No walks yet for Jayson Werth (but that's a good thing)
Jayson Werth has yet to draw a walk this season, but his manager realizes what a good sign that is. Davey Johnson said the lack of walks shows that Werth is being more aggressive, and that shows that the wrist he injured last season is now back to full strength.
WASHINGTON -- Jayson Werth's on-base percentage is down. His manager doesn't care.
Seven games into the season, Werth is seeing fewer pitches per plate appearance than usual. Davey Johnson says that's the good news.
"That tells me he's swinging more aggressively," the Nationals manager said. "And that tells me his wrist is feeling good."
In fact, Johnson said, when he looked up at the scoreboard Tuesday night and saw that Werth's batting average was the same as his on-base percentage, he smiled. You can bet he also smiled when Werth's final two plate appearances Tuesday resulted in a home run, a single and three RBI, helping the Nationals beat the White Sox 8-7.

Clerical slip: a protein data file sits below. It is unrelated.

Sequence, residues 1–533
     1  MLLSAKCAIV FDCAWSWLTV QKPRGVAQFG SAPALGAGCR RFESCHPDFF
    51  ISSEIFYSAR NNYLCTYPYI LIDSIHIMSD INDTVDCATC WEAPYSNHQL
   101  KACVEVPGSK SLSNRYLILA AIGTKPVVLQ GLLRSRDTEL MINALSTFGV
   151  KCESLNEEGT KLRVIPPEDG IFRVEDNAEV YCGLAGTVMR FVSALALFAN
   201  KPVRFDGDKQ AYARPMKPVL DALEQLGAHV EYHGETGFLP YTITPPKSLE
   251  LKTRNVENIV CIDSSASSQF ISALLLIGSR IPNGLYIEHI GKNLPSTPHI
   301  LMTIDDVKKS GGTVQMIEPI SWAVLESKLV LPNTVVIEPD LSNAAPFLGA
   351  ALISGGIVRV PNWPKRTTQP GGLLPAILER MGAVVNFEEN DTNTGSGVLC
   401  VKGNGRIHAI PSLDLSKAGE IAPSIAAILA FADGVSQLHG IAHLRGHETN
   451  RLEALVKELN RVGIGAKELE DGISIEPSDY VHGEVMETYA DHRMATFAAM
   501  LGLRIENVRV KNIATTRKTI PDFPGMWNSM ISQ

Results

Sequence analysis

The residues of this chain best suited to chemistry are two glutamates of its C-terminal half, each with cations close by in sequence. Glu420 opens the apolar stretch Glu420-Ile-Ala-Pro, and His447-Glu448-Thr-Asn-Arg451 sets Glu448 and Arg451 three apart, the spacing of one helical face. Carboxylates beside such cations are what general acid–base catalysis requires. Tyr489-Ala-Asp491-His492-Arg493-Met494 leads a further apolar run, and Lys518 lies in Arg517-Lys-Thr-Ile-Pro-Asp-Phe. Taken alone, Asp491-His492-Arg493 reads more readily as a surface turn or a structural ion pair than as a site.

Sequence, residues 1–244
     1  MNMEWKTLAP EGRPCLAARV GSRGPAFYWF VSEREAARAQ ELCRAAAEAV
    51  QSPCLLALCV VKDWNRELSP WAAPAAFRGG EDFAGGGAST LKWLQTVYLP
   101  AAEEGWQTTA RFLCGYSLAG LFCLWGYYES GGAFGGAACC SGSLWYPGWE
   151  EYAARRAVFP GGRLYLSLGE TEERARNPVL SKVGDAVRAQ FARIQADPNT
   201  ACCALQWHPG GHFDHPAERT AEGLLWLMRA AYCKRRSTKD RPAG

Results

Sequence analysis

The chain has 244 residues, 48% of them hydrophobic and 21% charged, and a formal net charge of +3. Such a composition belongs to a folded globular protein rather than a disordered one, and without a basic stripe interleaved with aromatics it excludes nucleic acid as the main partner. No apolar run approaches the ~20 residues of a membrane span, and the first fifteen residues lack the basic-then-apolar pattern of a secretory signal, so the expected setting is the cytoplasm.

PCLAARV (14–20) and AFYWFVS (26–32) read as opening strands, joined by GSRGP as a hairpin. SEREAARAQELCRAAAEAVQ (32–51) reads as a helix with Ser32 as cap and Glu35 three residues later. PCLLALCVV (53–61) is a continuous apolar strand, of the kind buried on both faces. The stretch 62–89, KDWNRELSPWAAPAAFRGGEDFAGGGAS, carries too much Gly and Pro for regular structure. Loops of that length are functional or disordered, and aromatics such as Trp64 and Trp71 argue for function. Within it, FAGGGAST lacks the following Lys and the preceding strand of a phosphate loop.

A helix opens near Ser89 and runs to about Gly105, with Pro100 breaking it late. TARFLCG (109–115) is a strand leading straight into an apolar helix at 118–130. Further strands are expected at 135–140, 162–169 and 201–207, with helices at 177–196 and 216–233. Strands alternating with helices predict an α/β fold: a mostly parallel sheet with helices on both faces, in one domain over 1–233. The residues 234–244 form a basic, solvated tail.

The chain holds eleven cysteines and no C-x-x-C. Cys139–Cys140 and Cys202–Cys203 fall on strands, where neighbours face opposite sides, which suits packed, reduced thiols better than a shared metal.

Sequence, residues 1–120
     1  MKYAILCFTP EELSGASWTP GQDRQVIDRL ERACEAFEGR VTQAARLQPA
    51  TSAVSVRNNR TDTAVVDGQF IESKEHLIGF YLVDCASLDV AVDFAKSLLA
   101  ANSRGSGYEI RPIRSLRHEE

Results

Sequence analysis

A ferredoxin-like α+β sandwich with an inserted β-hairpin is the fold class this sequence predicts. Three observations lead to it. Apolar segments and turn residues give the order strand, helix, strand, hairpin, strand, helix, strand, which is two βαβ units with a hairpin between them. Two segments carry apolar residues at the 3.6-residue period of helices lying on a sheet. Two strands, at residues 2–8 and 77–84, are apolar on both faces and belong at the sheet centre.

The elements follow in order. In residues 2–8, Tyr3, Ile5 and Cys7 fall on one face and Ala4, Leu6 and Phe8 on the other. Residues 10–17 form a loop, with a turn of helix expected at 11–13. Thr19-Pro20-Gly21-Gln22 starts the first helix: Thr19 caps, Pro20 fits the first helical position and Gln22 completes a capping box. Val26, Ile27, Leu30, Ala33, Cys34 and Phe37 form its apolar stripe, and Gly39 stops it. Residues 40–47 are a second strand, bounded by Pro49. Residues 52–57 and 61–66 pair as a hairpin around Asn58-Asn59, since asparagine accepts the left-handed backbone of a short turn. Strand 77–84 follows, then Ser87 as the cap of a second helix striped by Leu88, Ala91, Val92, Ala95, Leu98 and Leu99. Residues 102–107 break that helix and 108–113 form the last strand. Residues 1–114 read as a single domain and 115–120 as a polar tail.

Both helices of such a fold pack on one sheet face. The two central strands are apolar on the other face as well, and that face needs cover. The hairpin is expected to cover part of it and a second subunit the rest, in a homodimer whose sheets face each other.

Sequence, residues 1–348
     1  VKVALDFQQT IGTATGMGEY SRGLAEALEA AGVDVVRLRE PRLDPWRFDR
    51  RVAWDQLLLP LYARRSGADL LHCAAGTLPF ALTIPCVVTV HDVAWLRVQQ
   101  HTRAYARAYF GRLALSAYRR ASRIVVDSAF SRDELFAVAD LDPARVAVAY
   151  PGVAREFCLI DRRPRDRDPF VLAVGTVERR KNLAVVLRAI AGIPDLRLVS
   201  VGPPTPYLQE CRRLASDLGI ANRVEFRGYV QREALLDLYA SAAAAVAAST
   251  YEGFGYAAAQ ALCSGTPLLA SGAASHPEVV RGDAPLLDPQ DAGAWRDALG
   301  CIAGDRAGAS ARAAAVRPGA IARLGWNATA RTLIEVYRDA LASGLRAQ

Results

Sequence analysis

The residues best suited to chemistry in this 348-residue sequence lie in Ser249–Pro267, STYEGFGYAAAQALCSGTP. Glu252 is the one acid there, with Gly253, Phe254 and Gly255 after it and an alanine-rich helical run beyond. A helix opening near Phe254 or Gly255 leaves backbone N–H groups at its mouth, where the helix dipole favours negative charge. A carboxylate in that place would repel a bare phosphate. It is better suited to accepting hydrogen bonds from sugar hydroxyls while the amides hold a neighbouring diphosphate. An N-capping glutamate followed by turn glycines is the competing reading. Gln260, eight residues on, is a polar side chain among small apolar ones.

Pretty good logic from the 70-year-old manager. If Werth wants to swing the bat, it means he must feel good. If he feels good, he's going to be more productive.
"He'll get his walks," Johnson said.
Werth annually ranks among the major-league leaders in pitches seen. He's actually not that far off the lead this year, even though his numbers are down from 4.37 per plate appearance last season to 3.89 through seven games this year.
Small sample size, you know. And in this case, whatever meaning it has is good, because of what it shows.
"I think I have been more aggressive, and usually I'm aggressive when I'm feeling good at the plate," Werth said.
Werth would rather not relate it directly to the wrist, but Johnson (and anyone else) can easily see a correlation here. Werth's wrist injury cost him three months of the season, and he hit only two home runs in 54 games when he returned (plus one very dramatic home run in the playoffs).
His home run Tuesday was his third in seven games this season. His power is back. His wrist is obviously healthy.
His numbers show it. He'll see more pitches eventually, and he'll walk eventually, but for now, know that the lack of walks is actually a good sign.
His manager knows it.
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